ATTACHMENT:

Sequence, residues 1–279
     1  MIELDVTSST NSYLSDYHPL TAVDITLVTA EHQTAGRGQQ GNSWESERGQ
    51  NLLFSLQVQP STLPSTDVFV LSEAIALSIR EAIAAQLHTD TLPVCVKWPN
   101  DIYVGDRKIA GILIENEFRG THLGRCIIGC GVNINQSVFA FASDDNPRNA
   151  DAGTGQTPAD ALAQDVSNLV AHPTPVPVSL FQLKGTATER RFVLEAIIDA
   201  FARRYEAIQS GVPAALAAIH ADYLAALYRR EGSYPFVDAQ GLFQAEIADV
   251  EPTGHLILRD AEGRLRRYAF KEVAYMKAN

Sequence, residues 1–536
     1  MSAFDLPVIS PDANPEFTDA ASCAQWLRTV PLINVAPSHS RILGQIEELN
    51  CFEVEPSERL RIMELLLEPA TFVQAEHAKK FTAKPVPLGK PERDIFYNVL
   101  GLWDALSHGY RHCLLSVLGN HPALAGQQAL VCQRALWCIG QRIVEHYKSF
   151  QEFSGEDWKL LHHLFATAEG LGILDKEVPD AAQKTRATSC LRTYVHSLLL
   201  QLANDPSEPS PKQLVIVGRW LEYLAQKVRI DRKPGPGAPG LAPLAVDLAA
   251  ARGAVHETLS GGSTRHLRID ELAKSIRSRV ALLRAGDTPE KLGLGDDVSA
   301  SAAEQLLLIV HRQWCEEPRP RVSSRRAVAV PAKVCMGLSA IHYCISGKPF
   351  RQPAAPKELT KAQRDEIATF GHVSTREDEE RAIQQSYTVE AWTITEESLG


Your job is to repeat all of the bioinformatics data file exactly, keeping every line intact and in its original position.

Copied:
Sequence, residues 1–279
     1  MIELDVTSST NSYLSDYHPL TAVDITLVTA EHQTAGRGQQ GNSWESERGQ
    51  NLLFSLQVQP STLPSTDVFV LSEAIALSIR EAIAAQLHTD TLPVCVKWPN
   101  DIYVGDRKIA GILIENEFRG THLGRCIIGC GVNINQSVFA FASDDNPRNA
   151  DAGTGQTPAD ALAQDVSNLV AHPTPVPVSL FQLKGTATER RFVLEAIIDA
   201  FARRYEAIQS GVPAALAAIH ADYLAALYRR EGSYPFVDAQ GLFQAEIADV
   251  EPTGHLILRD AEGRLRRYAF KEVAYMKAN

Sequence, residues 1–536
     1  MSAFDLPVIS PDANPEFTDA ASCAQWLRTV PLINVAPSHS RILGQIEELN
    51  CFEVEPSERL RIMELLLEPA TFVQAEHAKK FTAKPVPLGK PERDIFYNVL
   101  GLWDALSHGY RHCLLSVLGN HPALAGQQAL VCQRALWCIG QRIVEHYKSF
   151  QEFSGEDWKL LHHLFATAEG LGILDKEVPD AAQKTRATSC LRTYVHSLLL
   201  QLANDPSEPS PKQLVIVGRW LEYLAQKVRI DRKPGPGAPG LAPLAVDLAA
   251  ARGAVHETLS GGSTRHLRID ELAKSIRSRV ALLRAGDTPE KLGLGDDVSA
   301  SAAEQLLLIV HRQWCEEPRP RVSSRRAVAV PAKVCMGLSA IHYCISGKPF
   351  RQPAAPKELT KAQRDEIATF GHVSTREDEE RAIQQSYTVE AWTITEESLG